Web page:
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News Bulletin : ADA News Bulletin September 2010
29 SEPTEMBER 2010 Hedge fund managers may invest in the same assets that traditional fund managers use, such as shares and bonds, but may also invest or trade in currencies and commodities. A hedge fund manager also has a broader range of investment strategies to draw on, including the use of short selling and derivatives, to generate absolute returns in a variety of market conditions. This means that hedge funds often differ in characteristics, such as volatility and return, from more traditional investments. THE AUSTRALIAN HEDGE FUND INDUSTRY Hedge funds are not new in Australia, or to Australian investors. However, the industry has experienced significant growth in the last ten years, as demand from Australians for absolute return style investments has accelerated. From government superannuation funds to self managed superannuation funds and individual investors there is a general trend toward increasing the allocation to hedge fund investments. Whereas once hedge funds were dominated by investments from very wealthy individuals, today hedge fund exposure can be found in many investors' direct portfolios, or in the superannuation funds they own. HEDGE FUNDS AND RISK At the height of the GFC the collapse of Bernie Madoff's massive Ponzi scheme and the subsequent media coverage have helped to foster a belief that are all hedge funds are extremely risky. Let's look at some of the myths surrounding hedge funds. MYTH ONE: HEDGE FUNDS ARE EXTREMELY RISKY There is risk inherent in any investment, but the belief that hedge funds are, by definition, more risky than other investments is misplaced. Firstly, there should be a clear distinction between performance risk and operational risk. Regarding performance risk, many hedge funds aim to control risk, not leave it unchecked. By protecting or hedging their portfolios against broad market risks hedge funds can present a lower risk profile than traditional funds. Operational risk (that is, how well a hedge fund operates) is a matter to be assessed in relation to each individual fund. Investing with a reputable investment manager may mitigate this risk. Investors may draw comfort from the fact that the Australian regulatory environment scrutinises hedge funds in the same way as traditional funds. Like any investment, though, you need to be informed before you make an investment decision. You should read the Product Disclosure Statement thoroughly and seek professional fee based advice if you think this could assist your decision. MYTH TWO: HEDGE FUNDS WILL ADD RISK TO MY PORTFOLIO The irony is that while hedge funds have been seen as risky, used wisely they can actually reduce risk in your total investment portfolio. Hedge funds often have a low correlation to traditional asset classes. For example, an equity-market neutral fund may provide a degree of protection during periods of volatile equity markets. Of course, having too much exposure in any investment is risky. If you spread your investments wisely hedge funds can form part of your diversification strategy, helping to strengthen your portfolio and reduce your risk and portfolio volatility. Another factor you need to consider is the effect of 'leverage' (see Myth Four). MYTH THREE: HEDGE FUNDS GENERATE MASSIVE RETURNS Some hedge funds do aim to generate larger returns, but these funds also take on larger risk and can be quite volatile. There is a huge variety of hedge fund investments available, and many of them do not target extremely high returns -- rather, they aim to generate less volatile and more consistent returns than traditional funds. MYTH FOUR: ALL HEDGE FUNDS USE VAST AMOUNTS OF LEVERAGE OR GEARING 'Leverage' or 'gearing' measures the level of financial risk a fund assumes relative to its capital. Leverage or gearing can be achieved by the fund borrowing money to invest. Not all hedge funds use leverage. Funds that use leverage do so to enhance their returns. Some funds use leverage to enhance returns from low-risk trades, while other funds use leverage to increase exposure to directional trades. Leverage is a two-edged sword and funds that use leverage can be more risky than un-leveraged funds. Historically, there have been instances of funds using excessive leverage unwisely and suffering large losses as a result. A hedge fund manager's risk management and leverage use policy is of key importance in assessing the manager for potential inclusion in a portfolio. The important lessons here are to make sure you invest with a reputable manager who has the requisite experience to manage your money. Ensure you invest only in those hedge funds that suit your investment profile and can add diversification and risk- reward benefits to your total investment portfolio. There is a huge variety of hedge fund strategies and an even wider array of investments providing access to hedge funds. For Australian investors, there are four main ways to access hedge funds: • Single strategy funds • Multi-strategy funds • Funds of hedge funds • Structured hedge fund products SINGLE STRATEGY FUNDS Single strategy funds invest directly in financial markets using one main investment strategy. The fund manager has usually developed its skills over many years and has established an 'edge' it believes to be sustainable through a variety of market conditions. An example of a single strategy fund is an Australian equity long/short fund. Single strategy funds usually have high minimum investments and capacity constraints, which limit the size to which the fund can grow. MULTI-STRATEGY FUNDS Multi-strategy funds are similar to single strategy funds in that they invest directly in financial markets. However, the multi- strategy manager uses more than one strategy to generate returns and can usually allocate the fund's capital dynamically in response to the perceived opportunity set for each strategy. The benefit of a multi-strategy fund is that it provides greater diversity to the investor and may offer a reduced risk profile than the single strategy fund. The manager may add new strategies over time, thus helping to prevent capacity constraints. FUNDS OF HEDGE FUNDS For many investors, funds of hedge funds (FOFs) will be their first investment in hedge funds. FOFs do not invest in financial markets directly. Rather they invest in a portfolio of individual single strategy or multi-strategy funds. The benefit of a FOF investment is that the FOF manager uses its expertise to establish and manage a diverse and robust portfolio, and to perform initial and ongoing due diligence on each invested manager. FOF managers usually take a dynamic approach to portfolio management, and switch between strategies and funds as opportunities arise, thereby attempting to ensure a dynamic and efficient use of capital. By pooling investor monies, FOFs are able to access funds that most individuals may not be able to access directly. However, investors in a FOF hedge fund usually face an increased level of fees compared to a single strategy fund investment. investment insight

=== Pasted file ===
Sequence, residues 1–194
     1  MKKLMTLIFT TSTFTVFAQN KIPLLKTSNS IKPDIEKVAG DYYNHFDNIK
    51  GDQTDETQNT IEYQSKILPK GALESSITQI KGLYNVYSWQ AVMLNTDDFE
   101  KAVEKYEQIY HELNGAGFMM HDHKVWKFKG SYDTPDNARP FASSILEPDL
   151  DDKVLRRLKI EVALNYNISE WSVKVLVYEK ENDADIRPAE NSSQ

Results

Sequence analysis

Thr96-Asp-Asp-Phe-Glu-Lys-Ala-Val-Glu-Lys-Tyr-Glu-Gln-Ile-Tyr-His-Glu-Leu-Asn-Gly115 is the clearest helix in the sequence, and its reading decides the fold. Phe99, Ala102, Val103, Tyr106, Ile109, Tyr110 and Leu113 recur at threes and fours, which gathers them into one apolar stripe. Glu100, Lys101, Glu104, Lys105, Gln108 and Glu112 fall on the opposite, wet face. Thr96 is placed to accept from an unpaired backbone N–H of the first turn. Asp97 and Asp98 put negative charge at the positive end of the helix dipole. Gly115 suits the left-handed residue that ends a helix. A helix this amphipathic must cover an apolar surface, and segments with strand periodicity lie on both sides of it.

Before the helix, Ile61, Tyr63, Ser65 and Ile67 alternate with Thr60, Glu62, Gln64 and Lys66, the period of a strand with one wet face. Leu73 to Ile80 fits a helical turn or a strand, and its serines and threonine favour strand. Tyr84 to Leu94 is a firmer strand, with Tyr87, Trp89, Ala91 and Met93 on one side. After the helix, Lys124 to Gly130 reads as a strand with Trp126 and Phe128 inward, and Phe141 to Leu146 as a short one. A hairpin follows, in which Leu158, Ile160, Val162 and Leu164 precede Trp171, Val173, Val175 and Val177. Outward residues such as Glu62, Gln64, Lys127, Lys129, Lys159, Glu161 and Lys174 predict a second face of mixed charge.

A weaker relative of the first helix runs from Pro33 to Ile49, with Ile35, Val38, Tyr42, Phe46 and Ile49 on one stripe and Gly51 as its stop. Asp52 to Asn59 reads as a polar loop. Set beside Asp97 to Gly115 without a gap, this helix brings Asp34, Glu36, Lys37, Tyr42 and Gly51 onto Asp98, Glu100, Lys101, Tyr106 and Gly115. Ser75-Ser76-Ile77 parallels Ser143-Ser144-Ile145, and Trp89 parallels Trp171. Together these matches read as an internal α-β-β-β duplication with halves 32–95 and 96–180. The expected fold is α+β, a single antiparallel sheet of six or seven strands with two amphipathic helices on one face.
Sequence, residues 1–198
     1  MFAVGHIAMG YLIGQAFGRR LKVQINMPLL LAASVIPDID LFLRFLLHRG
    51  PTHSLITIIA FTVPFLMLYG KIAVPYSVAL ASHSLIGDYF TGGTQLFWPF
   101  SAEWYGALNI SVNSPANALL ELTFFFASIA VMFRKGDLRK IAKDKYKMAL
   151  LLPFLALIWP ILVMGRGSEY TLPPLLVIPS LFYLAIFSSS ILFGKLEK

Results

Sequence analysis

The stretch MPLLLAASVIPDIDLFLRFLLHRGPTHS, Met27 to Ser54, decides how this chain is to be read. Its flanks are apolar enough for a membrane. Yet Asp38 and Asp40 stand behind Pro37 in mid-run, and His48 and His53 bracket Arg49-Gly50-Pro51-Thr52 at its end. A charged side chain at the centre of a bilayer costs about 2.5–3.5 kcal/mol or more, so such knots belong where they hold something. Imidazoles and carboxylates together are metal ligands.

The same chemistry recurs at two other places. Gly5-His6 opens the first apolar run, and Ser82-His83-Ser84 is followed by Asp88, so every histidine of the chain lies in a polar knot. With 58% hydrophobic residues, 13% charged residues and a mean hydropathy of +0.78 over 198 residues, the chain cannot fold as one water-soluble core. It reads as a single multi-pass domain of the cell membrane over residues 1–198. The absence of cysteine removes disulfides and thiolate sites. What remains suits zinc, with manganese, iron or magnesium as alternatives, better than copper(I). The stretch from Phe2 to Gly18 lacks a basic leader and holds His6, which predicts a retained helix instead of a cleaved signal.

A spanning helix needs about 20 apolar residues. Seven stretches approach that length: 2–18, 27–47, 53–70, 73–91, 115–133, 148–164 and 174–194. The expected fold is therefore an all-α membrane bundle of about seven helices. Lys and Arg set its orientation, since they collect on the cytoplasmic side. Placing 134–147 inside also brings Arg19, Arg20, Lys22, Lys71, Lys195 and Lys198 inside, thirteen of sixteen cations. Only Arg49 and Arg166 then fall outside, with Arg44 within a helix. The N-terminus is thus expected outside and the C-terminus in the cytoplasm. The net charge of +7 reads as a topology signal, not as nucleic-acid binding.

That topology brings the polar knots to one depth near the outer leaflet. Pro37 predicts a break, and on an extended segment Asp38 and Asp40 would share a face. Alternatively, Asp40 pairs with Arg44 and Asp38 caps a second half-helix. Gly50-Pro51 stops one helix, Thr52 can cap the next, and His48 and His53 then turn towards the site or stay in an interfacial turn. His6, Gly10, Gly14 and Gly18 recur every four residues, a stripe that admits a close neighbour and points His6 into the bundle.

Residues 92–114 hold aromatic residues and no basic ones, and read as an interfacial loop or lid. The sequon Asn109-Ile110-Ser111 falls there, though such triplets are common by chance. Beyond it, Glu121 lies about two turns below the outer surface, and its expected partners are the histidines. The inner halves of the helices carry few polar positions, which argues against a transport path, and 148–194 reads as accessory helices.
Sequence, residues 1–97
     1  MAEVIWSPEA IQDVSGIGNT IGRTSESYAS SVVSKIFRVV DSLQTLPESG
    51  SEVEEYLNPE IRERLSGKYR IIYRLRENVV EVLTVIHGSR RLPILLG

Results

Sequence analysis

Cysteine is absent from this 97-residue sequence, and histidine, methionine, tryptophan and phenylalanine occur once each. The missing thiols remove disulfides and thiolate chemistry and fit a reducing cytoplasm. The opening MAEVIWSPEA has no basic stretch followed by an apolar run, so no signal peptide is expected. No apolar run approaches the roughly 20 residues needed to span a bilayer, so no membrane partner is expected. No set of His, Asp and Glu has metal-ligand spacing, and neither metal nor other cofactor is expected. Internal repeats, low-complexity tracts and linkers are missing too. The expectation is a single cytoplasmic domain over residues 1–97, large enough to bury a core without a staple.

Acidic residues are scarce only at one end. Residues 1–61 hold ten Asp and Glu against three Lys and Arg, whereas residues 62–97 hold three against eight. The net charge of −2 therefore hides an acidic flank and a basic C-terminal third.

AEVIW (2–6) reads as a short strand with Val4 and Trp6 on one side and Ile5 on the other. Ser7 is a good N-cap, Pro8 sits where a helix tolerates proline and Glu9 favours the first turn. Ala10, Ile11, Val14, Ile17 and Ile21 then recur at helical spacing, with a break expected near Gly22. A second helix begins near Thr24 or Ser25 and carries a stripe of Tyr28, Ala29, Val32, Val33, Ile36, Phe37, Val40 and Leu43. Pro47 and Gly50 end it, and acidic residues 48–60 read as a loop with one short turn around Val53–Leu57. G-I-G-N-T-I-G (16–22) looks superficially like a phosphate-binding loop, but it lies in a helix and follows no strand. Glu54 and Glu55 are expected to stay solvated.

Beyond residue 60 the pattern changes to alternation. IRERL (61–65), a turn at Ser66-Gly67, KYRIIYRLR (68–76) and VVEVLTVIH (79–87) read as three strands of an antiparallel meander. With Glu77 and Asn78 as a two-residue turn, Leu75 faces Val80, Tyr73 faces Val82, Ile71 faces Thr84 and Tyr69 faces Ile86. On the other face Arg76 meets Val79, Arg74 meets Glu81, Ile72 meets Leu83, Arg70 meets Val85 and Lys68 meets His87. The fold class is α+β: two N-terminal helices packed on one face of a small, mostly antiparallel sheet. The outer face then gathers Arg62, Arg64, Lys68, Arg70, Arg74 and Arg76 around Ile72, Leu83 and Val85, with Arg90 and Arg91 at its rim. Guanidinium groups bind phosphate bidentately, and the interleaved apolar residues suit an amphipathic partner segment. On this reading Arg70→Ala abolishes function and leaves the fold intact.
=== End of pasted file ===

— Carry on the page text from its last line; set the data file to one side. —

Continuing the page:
ADA News Bulletin August 2010
ADA News Bulletin October 2010